As first reported by Mario Sundar, Linkedin grew 319% last year. And to some this seems almost surprising. But if you really look at what Linkedin does, it brings more to the table than a hookup site like Facebook does. Does that surprise you that I said that I said that? Talk to your average college student and ask them what they use FB for. They might not admit it but it’s a mechanism to try and hook up without having to actually speak. it lessens rejection and makes eventual physical interactions less stressfull and less in your face. People on Facebook when talking to others, will say things they would never say face to face, and thus the reason FB is so popular with the 18-24 demo.
Now some would say that Linkedin’s growth could be attributed to the growth of social networking sites into demographics that traditionally stay away from social networking. As Nick Oneill wrote in Social Media Today, the Boomer generation has an increasing number of people on social networks. Users over 45 now account for a whopping 31 percent of LinkedIn’s user base. But Linkedin is NOT a boomer-centric site. That’s not what is spurring its growth.
I don’t view boomer’s as a traditional user of Linkedin per se, I look at boomers as PART of the mix that is the sum of the parts that define Linkedin’s user base.
What’s happening, is that business professionals are a) starting to see the value of being transparent and b) beginning to utilize the power of online networking and c) understanding that social media can be used in a way that does not construe them as being too young, too trendy, too ignorant, too old, too un-tech savvy, or too uncool to their peers. They are comfortable with it, and they are now sharing that comfort level with others. So the effect has been viral! And…here is the last part no one will admit.
People are addicted to watching their number of connections grow. They are obsessive to the point that I wouldn’t mind taking a straw poll as to how many times a day the average LI user logs in to look for people, add people, and or reading about someone, asking a question, or answering one. The question would be: How much time do you spend on Linkedin each day?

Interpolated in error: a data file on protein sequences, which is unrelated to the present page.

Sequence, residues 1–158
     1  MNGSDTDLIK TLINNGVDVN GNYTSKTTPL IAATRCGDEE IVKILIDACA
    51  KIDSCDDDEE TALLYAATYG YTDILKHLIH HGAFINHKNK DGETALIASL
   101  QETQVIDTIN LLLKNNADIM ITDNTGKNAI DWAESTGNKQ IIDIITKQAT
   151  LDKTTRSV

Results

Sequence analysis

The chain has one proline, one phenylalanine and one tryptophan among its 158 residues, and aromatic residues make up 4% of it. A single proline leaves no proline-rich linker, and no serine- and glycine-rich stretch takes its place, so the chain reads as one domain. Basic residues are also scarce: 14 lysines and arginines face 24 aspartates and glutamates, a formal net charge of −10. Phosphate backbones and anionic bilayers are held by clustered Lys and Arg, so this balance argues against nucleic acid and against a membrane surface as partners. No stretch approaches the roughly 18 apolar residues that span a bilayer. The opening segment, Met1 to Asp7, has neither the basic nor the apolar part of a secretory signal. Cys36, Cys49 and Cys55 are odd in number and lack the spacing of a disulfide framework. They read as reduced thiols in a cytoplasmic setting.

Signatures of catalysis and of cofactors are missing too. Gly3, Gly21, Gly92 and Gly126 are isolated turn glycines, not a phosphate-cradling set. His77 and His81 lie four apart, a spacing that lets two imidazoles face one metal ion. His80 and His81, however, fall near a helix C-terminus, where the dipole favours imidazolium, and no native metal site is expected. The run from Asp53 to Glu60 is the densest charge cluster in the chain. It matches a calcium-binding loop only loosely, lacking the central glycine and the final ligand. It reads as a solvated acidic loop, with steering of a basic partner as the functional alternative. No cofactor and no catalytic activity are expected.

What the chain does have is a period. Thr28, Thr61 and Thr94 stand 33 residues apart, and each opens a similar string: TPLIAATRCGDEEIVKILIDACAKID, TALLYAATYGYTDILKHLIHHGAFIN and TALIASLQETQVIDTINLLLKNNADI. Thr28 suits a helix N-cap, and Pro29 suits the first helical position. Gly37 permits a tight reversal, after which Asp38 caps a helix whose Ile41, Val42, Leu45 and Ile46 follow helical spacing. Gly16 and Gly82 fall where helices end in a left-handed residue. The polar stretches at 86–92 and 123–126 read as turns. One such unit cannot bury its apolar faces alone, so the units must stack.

Case in point: With other demographics, when they get together, the first or last question out of their mouth might be, “Are you on Facebook?” Whereas, now because of the prominence of social networks, that same general social networking question now resonates differently and has a more meaningfull response when professionals ask each other, “Are you on Linkedin”?
Linkedin’s creation has allowed some of the old school traditional business processes to be bypassed, such as: the exchanging of business cards, leaving voicemail, sending intro-letters, putting together press kits, creating static web pages, mailing out brochures, and giving away swag. Anything to connect. In favor of a clear, non invasive, low stress evaluation of someone and their company. The ability to reach out to that person and their company now takes on a whole new meaning. Introductions to people and their companies now can be done efficiently and business relationships now have a pre-existing comfort level that is in place between parties who actually may do business together. A streamlined engagement. Look at it as “hooking up” the professional way!